“Who dares to teach must never cease to learn.” John Cotton Dana
As 2021 draws to a close, the Learning and Participation Team is heading off home for a well-deserved rest. This year has been a wild ride! One minute, we’re teaching 6 year-olds to joust at Newark Castle, then we’re sharing our Ice Age Journeys session in a primary school, and the next minute preparing a civil war handling session for A level students in the museum.
I have always thought that good teachers must also be learners. Like teachers, museum learning teams everywhere have had to adapt so much since March 2020. At the National Civil War Centre and Newark Castle, we have learnt to make films on a shoestring budget, record podcasts under the duvet, teach virtual art classes and design digital and analogue resources for use in a myriad of different ways and settings. Yes, it has been hard work but we have reached the end of the year with a collection of new skills and a website that has changed beyond all recognition. Our schools workshops are finely tuned and our subject knowledge is hotter than ever.
Dancing a farandole and leading a medieval conga is top of the list of things Adam never anticipated doing at the start of the year. He admits that he won’t be winning Strictly any time soon, but he styled it out and gave Donna a good laugh.
‘Donna-in-the-deep-end’ week was a triumph of high-speed learning. When two members of the team were self-isolating, Donna (who had been an apprentice at the time of the first lockdown) stepped up to lead sessions for the first time and did a cheerfully sterling job.
Denise managed to fit in something she’s wanted to do for years – project management training. That enabled her to lead a tremendous art and literacy project with Newark Academy. You can hear Denise and others talking about it here https://youtu.be/XMXIjTfoq64.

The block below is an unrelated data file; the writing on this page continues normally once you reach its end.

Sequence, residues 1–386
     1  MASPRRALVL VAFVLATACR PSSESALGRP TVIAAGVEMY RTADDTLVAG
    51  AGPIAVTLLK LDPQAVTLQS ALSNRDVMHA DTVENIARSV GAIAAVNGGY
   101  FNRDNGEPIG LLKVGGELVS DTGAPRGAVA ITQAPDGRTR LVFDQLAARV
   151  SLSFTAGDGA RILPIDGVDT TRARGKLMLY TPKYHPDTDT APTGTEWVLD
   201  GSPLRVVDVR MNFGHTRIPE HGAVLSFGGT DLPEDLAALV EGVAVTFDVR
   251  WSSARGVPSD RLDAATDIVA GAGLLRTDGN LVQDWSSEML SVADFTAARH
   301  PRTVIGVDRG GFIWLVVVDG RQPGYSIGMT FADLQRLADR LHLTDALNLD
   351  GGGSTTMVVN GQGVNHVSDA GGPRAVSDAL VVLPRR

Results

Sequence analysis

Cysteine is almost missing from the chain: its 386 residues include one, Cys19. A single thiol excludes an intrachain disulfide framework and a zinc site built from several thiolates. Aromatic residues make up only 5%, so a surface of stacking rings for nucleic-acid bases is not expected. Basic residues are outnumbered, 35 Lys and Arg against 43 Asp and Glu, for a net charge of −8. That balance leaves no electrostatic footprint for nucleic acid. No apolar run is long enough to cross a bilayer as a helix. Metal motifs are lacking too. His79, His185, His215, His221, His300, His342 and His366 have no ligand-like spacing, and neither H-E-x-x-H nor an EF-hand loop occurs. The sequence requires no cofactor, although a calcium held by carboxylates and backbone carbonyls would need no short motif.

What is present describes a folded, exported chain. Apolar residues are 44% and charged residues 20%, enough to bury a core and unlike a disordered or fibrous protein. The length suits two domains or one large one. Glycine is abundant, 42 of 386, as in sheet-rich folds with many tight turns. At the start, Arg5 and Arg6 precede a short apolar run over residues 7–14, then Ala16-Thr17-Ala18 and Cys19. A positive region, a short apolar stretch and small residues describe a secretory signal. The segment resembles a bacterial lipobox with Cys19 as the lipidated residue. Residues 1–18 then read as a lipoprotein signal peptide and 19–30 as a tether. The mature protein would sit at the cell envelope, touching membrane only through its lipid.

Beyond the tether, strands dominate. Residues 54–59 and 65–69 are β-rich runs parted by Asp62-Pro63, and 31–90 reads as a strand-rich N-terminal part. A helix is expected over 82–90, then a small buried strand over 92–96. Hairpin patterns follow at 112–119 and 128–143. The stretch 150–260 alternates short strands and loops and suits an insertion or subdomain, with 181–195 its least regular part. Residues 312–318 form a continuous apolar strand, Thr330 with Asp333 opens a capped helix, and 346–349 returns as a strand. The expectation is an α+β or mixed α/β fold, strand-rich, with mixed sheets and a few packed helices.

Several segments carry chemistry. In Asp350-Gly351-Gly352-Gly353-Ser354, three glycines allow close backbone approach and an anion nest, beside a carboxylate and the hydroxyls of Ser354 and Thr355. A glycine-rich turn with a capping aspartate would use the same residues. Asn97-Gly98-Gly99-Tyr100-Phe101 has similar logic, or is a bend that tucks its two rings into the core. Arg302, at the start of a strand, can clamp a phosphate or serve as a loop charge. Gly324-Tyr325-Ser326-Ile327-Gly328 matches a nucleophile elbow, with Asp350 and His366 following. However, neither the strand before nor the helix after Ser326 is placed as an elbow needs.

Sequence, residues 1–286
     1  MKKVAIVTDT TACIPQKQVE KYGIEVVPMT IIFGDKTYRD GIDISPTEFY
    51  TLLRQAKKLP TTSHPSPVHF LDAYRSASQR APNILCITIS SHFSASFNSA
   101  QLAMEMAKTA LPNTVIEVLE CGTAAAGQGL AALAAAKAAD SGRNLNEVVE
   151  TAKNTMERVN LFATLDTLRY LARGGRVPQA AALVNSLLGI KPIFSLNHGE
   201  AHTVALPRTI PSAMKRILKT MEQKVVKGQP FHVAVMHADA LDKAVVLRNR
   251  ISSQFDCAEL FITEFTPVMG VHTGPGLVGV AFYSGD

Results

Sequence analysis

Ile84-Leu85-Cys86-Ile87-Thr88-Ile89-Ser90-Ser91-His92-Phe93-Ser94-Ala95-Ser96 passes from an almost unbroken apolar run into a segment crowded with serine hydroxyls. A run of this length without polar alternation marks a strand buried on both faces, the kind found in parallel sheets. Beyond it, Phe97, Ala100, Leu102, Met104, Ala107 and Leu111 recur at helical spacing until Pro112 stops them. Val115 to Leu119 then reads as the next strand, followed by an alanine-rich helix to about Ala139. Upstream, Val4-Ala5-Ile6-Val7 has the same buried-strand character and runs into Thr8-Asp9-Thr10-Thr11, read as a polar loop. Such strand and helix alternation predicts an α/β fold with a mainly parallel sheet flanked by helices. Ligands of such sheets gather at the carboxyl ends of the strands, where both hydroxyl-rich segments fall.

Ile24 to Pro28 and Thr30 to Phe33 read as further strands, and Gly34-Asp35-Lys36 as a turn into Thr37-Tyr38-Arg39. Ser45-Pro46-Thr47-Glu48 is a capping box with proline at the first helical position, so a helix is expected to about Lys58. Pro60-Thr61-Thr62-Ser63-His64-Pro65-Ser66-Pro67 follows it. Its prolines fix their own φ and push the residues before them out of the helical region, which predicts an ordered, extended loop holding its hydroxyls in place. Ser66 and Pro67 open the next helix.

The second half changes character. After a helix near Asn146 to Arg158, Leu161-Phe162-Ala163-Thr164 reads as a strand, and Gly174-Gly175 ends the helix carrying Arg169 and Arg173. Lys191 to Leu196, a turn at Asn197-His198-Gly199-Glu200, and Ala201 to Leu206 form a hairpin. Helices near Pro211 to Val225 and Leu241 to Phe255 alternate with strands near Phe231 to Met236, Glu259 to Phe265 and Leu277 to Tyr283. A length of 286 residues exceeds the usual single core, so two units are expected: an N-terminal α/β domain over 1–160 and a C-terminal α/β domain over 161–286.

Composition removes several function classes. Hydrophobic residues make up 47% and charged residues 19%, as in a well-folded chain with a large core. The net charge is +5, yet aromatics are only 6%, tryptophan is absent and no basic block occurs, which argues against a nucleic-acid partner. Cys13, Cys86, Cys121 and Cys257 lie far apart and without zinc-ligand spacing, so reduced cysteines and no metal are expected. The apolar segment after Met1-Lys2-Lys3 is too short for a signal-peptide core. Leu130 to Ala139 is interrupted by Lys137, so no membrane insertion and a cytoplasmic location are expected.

So let’s take a moment in this blog to list our top five favourite things we’ve learned this year.
1. The intrinsic value of play. Learning to be happy and curious in the museum is a far more important outcome than learning facts about the collection.
2. The power of choice to motivate and inspire young people. Taking year 11 students to our stores to choose artefacts enabled them to connect meaningfully with the objects and their stories.
3. The incredible variety of apps and digital tools available to help us. My personal favourite and most-used is a video editing app explained to me by my twelve-year-old daughter. I now contentedly spend hours adding music and captions to all my videos.
4. It is possible to teach three classes at the same time, even when they are in Worcestershire and you cannot see their faces!
5. We have got to know some wonderful experts in the field of Civil War history. Check out What Did The Civil Wars Do For Us [180kb] to meet some of them.
Of course, none of knows how the start of 2022 will work out. However, we do know that, this time, we are equipped with a robust suite of resources and the skills to teach online. We also have bookings for thousands of year 7 students, so we are ready for anything!
Find out more about what the Learning and Participation Team can offer to schools and other learners on our Learn pages and check out our YouTube channel for some great engaging content and resources.
By Sarah Clarke, Team Leader for Learning and Participation